Golik went so far as to suggest that journalists be made civil servants. "Now journalists depend on their employers, but surely they work for society!" he said. "We support deputies, law enforcement agents, and jurists. Maybe we need to support journalists as well?" In the same article, the newspaper quoted Deputy Culture and Mass Communications Minister Leonid Nadirov as saying cryptically that the drafting of a new media law has been delayed because of "changes that have occurred recently," including "government reforms and the monetization of [in-kind social] benefits."

The secrecy with which the bill is apparently being drafted has already provoked alarm. "Novaya gazeta" noted that the highly controversial law on the monetization of social benefits was introduced to the legislature and quickly pushed through with minimal discussion. The vast pro-Kremlin majority in the Duma, which has already reshaped Duma procedures sufficiently to prevent any delays on the part of opposition figures, means that the Kremlin could introduce a new media law rapidly and with minimal fuss.

Mikhail Yurev, former Duma deputy speaker and president of the Kremlin-connected Yevrofinans company that has made considerable inroads in the media sector over the last couple of years (see "RFE/RL Media Matters," 23 April 2004), told that the recent events in Ukraine will spark "counterrevolution" in Russia. "It is not for me to decide," he said, "but I think that in the near future changes will take place not only in the electronic media but throughout the entire ideological sphere and it will not even stop there." He hinted coyly that TV-Tsentr, which is controlled by the Moscow government, is "a difficult case" and that "there are a lot of questions about RTR."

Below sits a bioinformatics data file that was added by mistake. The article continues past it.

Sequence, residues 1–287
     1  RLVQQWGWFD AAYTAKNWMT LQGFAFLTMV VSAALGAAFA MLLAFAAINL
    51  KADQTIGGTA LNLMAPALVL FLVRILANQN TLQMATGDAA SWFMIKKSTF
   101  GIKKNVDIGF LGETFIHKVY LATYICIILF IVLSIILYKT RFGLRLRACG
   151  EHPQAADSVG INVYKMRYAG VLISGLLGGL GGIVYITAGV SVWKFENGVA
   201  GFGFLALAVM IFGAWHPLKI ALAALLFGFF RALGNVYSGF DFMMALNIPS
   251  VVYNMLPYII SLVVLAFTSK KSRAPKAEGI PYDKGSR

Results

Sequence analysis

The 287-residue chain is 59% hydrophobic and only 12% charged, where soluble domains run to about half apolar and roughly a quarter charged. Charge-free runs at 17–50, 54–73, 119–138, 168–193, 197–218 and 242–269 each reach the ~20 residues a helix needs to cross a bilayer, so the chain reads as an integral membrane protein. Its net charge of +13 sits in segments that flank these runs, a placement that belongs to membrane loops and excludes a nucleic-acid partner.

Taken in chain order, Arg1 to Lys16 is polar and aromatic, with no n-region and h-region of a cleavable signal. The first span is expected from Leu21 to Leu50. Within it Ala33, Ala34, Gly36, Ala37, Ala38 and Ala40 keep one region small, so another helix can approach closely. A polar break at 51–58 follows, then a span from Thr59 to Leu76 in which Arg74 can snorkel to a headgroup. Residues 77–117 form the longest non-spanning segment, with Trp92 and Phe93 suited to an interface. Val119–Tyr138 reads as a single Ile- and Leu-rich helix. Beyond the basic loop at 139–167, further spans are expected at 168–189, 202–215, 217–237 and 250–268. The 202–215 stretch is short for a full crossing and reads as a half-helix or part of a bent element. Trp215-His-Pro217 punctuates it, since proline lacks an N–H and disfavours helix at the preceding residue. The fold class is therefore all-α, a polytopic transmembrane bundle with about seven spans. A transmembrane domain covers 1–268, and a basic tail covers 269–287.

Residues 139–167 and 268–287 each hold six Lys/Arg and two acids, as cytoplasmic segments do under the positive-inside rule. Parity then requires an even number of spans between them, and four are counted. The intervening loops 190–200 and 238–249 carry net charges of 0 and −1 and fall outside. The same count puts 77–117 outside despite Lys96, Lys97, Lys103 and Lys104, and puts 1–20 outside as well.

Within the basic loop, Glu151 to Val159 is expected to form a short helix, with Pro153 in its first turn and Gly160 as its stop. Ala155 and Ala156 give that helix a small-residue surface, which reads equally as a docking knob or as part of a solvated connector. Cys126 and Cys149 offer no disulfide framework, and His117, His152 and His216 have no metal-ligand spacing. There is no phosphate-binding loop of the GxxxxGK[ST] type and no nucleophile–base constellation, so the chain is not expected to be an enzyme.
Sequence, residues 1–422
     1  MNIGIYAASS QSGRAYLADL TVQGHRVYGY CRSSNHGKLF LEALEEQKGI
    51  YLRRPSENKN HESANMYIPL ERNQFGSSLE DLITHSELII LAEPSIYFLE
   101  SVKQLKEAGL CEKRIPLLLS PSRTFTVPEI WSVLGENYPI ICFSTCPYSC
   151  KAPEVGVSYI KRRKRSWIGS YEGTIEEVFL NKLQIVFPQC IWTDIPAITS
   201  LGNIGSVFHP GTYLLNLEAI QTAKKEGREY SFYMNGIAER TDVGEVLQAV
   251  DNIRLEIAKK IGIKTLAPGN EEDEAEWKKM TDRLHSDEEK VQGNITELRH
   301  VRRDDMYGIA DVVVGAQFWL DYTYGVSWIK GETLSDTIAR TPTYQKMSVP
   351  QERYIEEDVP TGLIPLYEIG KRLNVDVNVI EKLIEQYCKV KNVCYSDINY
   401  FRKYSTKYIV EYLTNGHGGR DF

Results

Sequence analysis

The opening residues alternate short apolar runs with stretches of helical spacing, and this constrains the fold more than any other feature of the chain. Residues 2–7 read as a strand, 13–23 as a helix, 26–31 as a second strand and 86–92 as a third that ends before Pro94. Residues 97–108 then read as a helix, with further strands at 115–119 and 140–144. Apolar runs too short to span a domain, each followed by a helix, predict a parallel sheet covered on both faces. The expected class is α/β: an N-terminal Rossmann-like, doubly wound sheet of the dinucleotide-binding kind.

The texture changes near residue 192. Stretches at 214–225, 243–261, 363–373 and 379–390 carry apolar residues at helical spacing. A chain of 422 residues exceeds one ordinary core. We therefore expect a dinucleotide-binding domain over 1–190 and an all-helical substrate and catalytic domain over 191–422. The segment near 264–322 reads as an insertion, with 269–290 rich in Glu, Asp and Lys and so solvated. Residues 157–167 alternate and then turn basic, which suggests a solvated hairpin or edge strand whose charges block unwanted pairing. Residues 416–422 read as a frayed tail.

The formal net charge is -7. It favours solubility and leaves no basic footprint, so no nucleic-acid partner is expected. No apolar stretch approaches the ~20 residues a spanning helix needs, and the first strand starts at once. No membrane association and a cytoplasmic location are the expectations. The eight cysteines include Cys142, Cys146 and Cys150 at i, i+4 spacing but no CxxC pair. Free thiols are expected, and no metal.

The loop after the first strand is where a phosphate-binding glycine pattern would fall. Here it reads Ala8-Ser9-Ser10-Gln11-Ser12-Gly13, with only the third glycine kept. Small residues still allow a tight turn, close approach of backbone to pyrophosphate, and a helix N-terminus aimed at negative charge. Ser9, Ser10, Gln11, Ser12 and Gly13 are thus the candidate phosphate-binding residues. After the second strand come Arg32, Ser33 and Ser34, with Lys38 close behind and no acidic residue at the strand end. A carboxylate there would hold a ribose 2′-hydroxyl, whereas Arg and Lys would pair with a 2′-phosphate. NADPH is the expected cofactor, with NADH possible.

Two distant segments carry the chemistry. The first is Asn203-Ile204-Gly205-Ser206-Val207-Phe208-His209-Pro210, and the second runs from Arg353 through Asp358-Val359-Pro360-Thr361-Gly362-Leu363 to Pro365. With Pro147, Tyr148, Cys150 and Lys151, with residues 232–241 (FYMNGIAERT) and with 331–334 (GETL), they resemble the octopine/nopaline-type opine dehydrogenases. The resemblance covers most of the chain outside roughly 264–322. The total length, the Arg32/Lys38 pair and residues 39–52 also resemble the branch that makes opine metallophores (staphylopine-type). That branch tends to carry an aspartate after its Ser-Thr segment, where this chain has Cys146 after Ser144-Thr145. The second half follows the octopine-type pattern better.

"Some people have to be removed from the field," Yurev said. "With some of them it will be possible just to have a couple of talks, which, incidentally, was extremely widespread during the era of [U.S. Senator Joseph] McCarthy. Some will understand everything of their own accord."

He concluded bluntly by saying: "I have spoken with [deputy presidential-administration head Vladislav] Surkov many times. His viewpoint is no different from mine: State ideology absolutely must be effective. The greatest defect of the Soviet type of television was that it was not very effective."

Speaking to Interfax on 5 January, Federation Council International Relations Committee Chairman Mikhail Margelov also noted the importance of the Ukraine events for Russia. He said that Moscow failed to achieve its aims in Russia "not because we did not have enough strength but because we were poorly prepared." Saying that diplomats work "with a scalpel," Margelov argued that "nongovernmental an alliance with the press can form a sledgehammer in addition to the scalpel."